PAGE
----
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Israel is a small (population of 8 million), diversified and open economy (exports account for 40% of GDP). It is an OECD member. The standard of living of Israelis is one of the highest in the region with an average wage close to that of European countries. Activity in the US and in the Eurozone is a strong driver of Israeli GDP growth, and export diversification towards Asia is progressing.

Fiscal deficits are recurrent but are declining and easily financed through local and external markets. External accounts benefit from export performance in hi-tech services and will continue to improve with the development of gas production. Foreign direct investment (FDI) inflows are large and concentrated in the hi-tech sector. The banking and financial sectors are at a moderate stage of development and benefit from relative isolation from international capital market volatility. Income inequality and a relatively large proportion of the population below the poverty line are among the main issues the government has to face.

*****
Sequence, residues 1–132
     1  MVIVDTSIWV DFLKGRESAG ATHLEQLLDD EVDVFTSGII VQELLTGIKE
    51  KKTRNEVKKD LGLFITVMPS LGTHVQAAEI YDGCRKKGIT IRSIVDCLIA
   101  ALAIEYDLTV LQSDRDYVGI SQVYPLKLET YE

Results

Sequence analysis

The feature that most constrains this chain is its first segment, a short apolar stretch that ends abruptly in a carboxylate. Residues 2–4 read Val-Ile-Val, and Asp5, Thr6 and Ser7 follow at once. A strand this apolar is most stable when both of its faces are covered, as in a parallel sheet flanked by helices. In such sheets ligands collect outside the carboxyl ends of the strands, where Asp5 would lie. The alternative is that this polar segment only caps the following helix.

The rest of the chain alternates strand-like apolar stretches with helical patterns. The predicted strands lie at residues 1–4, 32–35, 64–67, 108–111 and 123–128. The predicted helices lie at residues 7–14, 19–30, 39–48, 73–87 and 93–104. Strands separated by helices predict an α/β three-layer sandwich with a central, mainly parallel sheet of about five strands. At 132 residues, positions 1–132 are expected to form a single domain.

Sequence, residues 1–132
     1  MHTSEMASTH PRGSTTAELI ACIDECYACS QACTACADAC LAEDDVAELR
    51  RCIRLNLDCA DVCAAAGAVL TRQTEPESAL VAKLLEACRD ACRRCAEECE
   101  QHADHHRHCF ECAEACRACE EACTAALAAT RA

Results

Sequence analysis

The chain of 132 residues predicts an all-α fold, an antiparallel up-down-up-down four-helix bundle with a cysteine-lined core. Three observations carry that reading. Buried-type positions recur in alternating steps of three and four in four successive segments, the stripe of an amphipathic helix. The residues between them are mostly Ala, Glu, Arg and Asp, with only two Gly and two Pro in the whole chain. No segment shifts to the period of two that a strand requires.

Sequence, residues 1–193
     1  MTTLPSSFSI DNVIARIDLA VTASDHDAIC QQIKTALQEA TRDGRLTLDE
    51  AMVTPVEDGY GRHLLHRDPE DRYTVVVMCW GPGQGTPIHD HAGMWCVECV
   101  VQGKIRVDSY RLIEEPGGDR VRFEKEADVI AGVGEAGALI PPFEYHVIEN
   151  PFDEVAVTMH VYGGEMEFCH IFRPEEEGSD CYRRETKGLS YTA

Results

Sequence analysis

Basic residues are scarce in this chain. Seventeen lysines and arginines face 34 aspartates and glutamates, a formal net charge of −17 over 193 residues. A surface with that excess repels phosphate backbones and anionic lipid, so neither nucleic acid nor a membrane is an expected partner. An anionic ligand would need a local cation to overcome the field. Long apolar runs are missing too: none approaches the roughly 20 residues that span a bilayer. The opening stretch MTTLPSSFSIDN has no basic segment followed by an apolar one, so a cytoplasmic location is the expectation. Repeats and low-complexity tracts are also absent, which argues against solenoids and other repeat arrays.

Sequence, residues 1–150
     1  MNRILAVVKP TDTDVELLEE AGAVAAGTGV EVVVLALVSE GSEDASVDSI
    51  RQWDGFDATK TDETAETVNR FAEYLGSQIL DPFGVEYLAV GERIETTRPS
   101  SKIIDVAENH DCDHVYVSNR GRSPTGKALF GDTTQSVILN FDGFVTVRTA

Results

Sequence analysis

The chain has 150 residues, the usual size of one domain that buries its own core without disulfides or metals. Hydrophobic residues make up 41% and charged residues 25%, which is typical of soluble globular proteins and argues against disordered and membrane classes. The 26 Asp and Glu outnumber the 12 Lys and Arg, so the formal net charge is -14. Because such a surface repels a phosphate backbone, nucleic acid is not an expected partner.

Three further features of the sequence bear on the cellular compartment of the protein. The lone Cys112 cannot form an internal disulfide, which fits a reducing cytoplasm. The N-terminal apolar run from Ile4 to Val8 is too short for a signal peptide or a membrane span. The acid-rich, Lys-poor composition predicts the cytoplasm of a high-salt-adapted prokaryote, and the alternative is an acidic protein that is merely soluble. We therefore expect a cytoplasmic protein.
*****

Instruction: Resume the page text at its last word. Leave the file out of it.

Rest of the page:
Israel’s territory is bordered by countries with security issues. Given a relatively diversified economy, development of the gas sector, sustainable investments in R&D to support competitiveness, and sensible economic policy, prospects are good for the Israeli economy. The shekel (ILS) tends to appreciate given recurrent and sizeable export revenues, which could be damaging to exports amongst non-hi tech industries.